Lame Done Well – Zack Snyder’s Sucker Punch
I don’t go to see every movie that comes out, but based on its dazzling trailers and the director’s previous films (300, Watchmen) I had positioned Zack Snyder‘s Sucker Punch as a tentpole movie that wouldn’t fail to explode with all the right blockbuster stimulation on the big screen.
Following the expert flow and framing of Snyder’s lens, the curtains part and the audience is introduced to the character of Baby Doll who, following tragic events is wrongfully committed to an insane asylum by her wicked step-father who arranged with a crooked orderly, Blue Jones, to have her lobotomized so as to wipe out all evidence of his wrong-doing. A doctor at the asylum, Dr. Gorski, attempts therapy with patients working out their issues on stage, gaining power over their imagination and eventually their real world. We are introduced to a fellow inmate, Sweet Pea, who takes center stage and reality is transformed to one where all the inmates work at a stylized strip-club/brothel run by Blue Jones, who is just as devious in this world as the previous. At Baby Doll’s suggestion, the girls begin work on a plan to gain several necessary items and escape their prison, using Baby Doll’s hypnotic dances as distraction to obtain these items. Each dance transports the audeince to a more entertaining representation of events, where the team defeats steam-punk nazis with a fem-mech and slay an enraged dragon mother with a ninja sword. Not all goes exactly as planned, but in the end an escape is made.
My more fevered hopes were for a psycho-sexualized feminist Brazil meets One Flew Over the Cuckoo’s Nest, although I always thought that was perhaps asking too much. I only really expected a quick and dumb narrative as an excuse to be wowed by the machine gun fire of dazzling fight scenes. However, Zack Snyder, apparently not knowing how to induldge himself thoroughly, instead attempts a vague narrative that hopes to distract your mind with commercially complicated layers seeing through which is little more than the act of taking cellophane from a plate of left-overs.
“Before I thought it was only potatoes, but now I see that it is definitely potatoes.”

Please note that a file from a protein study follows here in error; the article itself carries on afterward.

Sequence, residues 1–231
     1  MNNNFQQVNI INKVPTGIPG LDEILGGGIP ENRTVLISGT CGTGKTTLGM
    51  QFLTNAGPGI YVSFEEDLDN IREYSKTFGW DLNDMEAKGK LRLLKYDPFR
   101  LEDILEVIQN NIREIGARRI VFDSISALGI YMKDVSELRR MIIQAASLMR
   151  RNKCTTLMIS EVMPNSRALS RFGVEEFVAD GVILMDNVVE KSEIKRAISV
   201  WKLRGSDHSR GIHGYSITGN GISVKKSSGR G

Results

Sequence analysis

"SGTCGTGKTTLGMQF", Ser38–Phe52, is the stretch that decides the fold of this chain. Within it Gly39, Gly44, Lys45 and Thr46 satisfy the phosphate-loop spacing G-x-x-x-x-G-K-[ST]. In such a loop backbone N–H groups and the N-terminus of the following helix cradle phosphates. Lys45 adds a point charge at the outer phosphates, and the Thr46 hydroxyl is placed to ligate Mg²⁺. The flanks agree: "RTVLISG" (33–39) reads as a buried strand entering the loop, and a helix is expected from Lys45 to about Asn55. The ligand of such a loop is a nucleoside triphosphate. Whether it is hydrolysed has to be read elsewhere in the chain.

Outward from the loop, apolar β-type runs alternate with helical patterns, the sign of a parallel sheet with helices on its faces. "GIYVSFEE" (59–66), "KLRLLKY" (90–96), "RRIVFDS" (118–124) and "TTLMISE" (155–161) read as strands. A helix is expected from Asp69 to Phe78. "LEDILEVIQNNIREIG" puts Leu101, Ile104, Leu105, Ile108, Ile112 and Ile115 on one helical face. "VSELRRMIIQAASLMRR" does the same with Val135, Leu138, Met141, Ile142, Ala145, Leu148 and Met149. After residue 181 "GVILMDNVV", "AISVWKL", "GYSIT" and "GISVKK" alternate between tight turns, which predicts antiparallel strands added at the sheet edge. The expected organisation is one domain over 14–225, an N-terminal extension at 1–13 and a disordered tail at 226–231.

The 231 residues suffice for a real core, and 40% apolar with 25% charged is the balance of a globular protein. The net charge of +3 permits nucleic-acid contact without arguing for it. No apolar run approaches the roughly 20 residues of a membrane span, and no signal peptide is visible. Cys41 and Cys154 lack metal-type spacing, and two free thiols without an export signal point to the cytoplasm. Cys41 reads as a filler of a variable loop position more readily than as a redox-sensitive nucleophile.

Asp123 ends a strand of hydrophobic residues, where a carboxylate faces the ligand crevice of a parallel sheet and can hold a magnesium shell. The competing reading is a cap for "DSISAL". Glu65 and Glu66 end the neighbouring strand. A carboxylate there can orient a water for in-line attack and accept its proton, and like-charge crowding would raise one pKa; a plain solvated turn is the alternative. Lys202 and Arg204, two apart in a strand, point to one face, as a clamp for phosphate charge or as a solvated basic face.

The entire movie is a collection of several good ideas that conflict and in the end are only lukewarm ghosts of what they could have been. The film fails to embrace the wild ‘fuck it’ abandon need to fully indulge all the visual spectacle that might have come more naturally from the stream-of-consciousness strokes of an artist’s brush, instead being tugged back to trying to make it all make sense in a heavily structured narrative worsened still by a final urge to complicate matters, attempting a awkward puzzle of the story that fails to make it an intellectual game, providing only blunt, damaged, and unsatisfying storytelling.
Conversely, I love David Lynch movies where abandon rules beautifully. While most Lynch films likely have a consensus opinion of the film’s meaning and, of course, Lynch likely has his own feelings on the nature of his mysteries, the question mark carrots littered through his films end in such blurry tangential threads that you can spend a lifetime constructing beautiful alternative dreams.
Given the unsatisfying nature of the obvious plot, I have considered as many alternative interpretations of Sucker Punch as I could think of, but they all tend to fizzle out as the tangents from which they grow are more like blunt broken ends that quickly prove the mystery false.
The adventure scenes have issues as well. While they are expertly done from a technical standpoint, the actual events within are fairly unsurprising and unspectacular. These surreal sequences are also hampered because their occurrence is so predictable, being structurally tied to Baby Doll’s dances which are known events before they even happen.
As Zack Snyder did such an amazing job with both 300 and Watchmen, I suspect he is much better suited applying his visual aesthetic style to existing material rather than conjuring his own stories, and expect him to return to form with his adaptation of Superman: Man of Steel.
Stick to the back issues Zack.